In just over a month’s time we will be gaining possession of our new house. Unsurprisingly it still doesn’t feel particularly real, but there are things that need to be done before we move in – decisions which need to be made mostly in the area of colour and paint. While in theory I should find this very exciting, in reality it’s all quite overwhelming so it seems I have gone into denial and haven’t had one single idea about how I want anything to look.
Almost all of the house will have to be decked out in a kind of compromised style as Big-P and I have almost diametrically opposed senses of what looks like home. Big-P prefers neutral, serene rooms that bring a sense of peace and I have a passion for homes that are what the style-gurus would call eclectic but what I call messy and characterful. So somehow we are going to have to make that work. As neither of us are the kind of people who will bring in experts or do a complete home make-over, I can see that the “eclectic” style will win over, simply because we have a lot of junk and inherited furniture and that will get piled in with the promise that “one day” we will replace that “eclectic” couch/table/bookshelf with an Eames inspired couch/table/bookshelf.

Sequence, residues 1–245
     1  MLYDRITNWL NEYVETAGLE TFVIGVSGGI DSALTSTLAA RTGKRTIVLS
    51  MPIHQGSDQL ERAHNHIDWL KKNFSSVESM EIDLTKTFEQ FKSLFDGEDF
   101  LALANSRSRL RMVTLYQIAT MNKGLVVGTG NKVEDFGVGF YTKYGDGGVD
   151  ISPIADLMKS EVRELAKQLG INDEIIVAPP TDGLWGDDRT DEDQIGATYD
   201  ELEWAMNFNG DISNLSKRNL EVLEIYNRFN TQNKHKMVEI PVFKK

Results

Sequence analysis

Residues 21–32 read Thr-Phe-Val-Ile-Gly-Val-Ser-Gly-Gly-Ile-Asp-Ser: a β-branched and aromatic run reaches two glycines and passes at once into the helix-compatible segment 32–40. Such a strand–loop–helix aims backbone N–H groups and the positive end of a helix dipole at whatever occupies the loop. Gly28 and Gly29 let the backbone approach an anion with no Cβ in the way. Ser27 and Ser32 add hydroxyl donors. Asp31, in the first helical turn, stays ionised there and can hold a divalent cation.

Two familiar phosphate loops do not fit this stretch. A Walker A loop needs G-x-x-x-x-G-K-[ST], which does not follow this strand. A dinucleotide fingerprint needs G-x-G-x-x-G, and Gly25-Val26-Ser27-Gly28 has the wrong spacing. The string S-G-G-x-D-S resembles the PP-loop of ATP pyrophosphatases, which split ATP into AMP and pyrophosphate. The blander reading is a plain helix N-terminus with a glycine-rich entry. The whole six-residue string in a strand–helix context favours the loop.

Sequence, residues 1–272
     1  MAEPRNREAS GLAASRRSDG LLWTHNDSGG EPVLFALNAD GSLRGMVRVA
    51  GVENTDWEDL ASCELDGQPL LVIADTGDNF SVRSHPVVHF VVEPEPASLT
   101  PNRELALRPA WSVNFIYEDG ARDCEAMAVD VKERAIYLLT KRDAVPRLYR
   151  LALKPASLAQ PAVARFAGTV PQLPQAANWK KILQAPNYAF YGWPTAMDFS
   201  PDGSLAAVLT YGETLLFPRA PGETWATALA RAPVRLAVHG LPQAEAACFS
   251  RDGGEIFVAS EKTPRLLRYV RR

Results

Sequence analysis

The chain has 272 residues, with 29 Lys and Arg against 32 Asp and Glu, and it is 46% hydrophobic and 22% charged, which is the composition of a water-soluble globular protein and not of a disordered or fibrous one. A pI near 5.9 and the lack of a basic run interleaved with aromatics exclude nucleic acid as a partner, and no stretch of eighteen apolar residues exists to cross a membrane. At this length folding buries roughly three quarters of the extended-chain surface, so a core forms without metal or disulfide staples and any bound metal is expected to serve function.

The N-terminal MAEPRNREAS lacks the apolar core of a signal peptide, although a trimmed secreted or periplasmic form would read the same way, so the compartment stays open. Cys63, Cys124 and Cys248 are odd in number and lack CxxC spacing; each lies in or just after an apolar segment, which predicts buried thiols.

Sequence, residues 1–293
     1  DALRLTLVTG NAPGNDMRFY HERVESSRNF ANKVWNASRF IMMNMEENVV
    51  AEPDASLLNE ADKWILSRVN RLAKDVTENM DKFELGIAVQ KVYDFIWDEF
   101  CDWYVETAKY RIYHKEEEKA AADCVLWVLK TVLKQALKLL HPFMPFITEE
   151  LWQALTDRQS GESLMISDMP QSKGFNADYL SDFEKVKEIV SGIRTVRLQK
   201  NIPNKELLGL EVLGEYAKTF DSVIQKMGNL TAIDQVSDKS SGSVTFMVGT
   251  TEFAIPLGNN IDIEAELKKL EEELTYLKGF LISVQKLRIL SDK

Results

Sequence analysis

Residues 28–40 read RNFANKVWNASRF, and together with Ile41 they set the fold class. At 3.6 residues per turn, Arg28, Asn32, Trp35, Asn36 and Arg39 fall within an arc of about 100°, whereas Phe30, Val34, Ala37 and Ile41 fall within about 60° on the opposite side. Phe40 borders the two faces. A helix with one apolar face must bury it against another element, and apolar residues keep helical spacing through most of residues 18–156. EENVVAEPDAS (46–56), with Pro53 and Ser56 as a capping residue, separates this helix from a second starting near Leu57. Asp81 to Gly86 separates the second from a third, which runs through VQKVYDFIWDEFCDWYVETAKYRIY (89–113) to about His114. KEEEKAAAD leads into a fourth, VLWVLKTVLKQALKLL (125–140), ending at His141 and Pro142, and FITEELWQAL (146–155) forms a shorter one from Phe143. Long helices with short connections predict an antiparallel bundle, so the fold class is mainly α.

However, I get to have final say on the studio. I want it to be a place full of creative inspiration. I want it to make me feel happy when I walk through its double doors.

Here’s the floor plan of the studio (measurements are in metres):

And here’s the photo taken from the real-estate brochure:

The plan is to take up the carpet and polish the boards which is pretty practical when I drop a gazillion threads on the floor every day that seem to end up getting matted into the carpet, and I will be printing, fabric dying and painting and so on in that space. Apparently there are good Tasmanian Oak (Victorian Ash) boards under the carpet which will look great when they are polished. This bit of the plan I am totally sure about, everything else is a little wishy-washy. The current colours and wallpaper features do not bring me any joy at all so that’s all going to go. What colour they will be replaced with remains a mystery to me. We are planning to build in some storage (bookshelves and supplies shelves, fabric shelves) either side of the fireplace (the big red bit in the photo) but from there I am pretty vague. We have talked about a big, high central work table and a couch for Big-P to sit on in the evenings on his lap-top. I am imagining a small space for my computer (how I would love to get rid of this enormous, ergonomic, ugly grey computer desk) and I know I want an inspiration / mood pin-board some where, probably on that wall that is the back of the fireplace. It’s all pretty exciting but after all these years of renting and the past two years of working in this tiny little office which I share with a huge amount of boxes and junk to suddenly be able to do exactly what I want I find that I am thrown into a complete stupor.

I am off to research home offices / studios (for instance Home Companion features Eric Carle’s studio). If anyone has any tips from their own experiences, or ideas for their own dream studio (cost effective obviously) please leave me a comment – cheers!

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29 Responses